A hundred percent. This is arguably one of the most interesting character studies ever. Just to get to that level of fame and to have gone through child celebrity and a family that was clearly all in the business.
Antoine Fuqua (23:38):
Exactly. He had impact on, especially people that grew up in that era, all of our lives. And it deserves exploring.
Kevin Goetz (23:44):
Antoine Fuqua (23:45):
I got into art, by the way. One of the first artists I studied was Caravaggio.
Kevin Goetz (23:51):
I read that. What is it about Caravaggio that turned you on so much?
Antoine Fuqua (23:55):
He reminded me of people I grew up with. He was rough. He lived in the streets. He was in the bars all the time. He was very defiant against the church. He actually murdered someone in a fight. And then he was murdered. Then he was killed. Really? Yes. Wow. Yeah, Caravaggio was a rough character. But again, when you put the painting in a beautiful frame and cost a hundred million, everyone forgets who the artist really was. Made him what he was. Right. You have museums for Caravaggio, you go to Naples, some places like that.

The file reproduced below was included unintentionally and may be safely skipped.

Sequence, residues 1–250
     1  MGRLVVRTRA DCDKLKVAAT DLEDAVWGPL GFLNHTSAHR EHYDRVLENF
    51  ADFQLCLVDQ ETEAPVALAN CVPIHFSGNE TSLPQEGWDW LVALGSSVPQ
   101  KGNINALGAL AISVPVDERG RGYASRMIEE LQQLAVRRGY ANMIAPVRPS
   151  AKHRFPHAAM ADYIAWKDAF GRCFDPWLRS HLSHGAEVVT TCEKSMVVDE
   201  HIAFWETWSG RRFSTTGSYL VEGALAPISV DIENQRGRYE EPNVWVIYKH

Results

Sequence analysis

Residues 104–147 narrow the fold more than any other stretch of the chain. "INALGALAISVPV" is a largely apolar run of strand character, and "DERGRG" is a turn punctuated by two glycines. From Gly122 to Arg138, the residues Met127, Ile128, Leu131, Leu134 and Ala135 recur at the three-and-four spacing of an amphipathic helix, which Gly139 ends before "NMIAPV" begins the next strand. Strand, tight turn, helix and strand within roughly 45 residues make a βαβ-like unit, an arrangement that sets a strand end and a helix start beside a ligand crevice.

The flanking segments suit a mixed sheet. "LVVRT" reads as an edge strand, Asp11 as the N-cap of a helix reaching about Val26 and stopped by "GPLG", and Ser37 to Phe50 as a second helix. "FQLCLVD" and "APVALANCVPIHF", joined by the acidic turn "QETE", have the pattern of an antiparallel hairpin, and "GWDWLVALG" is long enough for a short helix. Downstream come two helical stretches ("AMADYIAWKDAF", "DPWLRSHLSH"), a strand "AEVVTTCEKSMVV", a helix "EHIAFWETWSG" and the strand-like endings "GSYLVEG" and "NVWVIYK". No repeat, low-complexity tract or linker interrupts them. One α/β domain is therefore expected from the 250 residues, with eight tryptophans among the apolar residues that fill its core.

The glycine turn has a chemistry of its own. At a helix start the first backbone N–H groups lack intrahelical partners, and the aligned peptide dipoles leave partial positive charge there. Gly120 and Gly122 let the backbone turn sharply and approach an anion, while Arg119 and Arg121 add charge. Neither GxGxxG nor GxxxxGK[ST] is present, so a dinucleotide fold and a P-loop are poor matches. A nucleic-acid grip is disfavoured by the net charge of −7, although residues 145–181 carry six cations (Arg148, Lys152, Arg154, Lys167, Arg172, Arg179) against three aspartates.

Kevin Goetz (24:28):
It's amazing, actually, because if social media were in the Renaissance, we would have probably dismissed Caravaggio or canceled him based on what you're saying. You know, it's so easy to just put people in these buckets, these boxes, and just relegate them to swipe right, swipe left. Right. Are you hard on yourself? Are you tough on yourself?
Antoine Fuqua (24:51):
Yeah, I'm hard. I'm pretty hard on myself.
Kevin Goetz (24:53):
Are you a, would you call yourself a perfectionist?
Antoine Fuqua (24:57):
Other people say it. I just, I just believe in doing the best job and trying to be…
Kevin Goetz (25:02):
But you're relentless at it, if I'm not mistaken. Right?
Antoine Fuqua (25:04):
Kevin Goetz (25:05):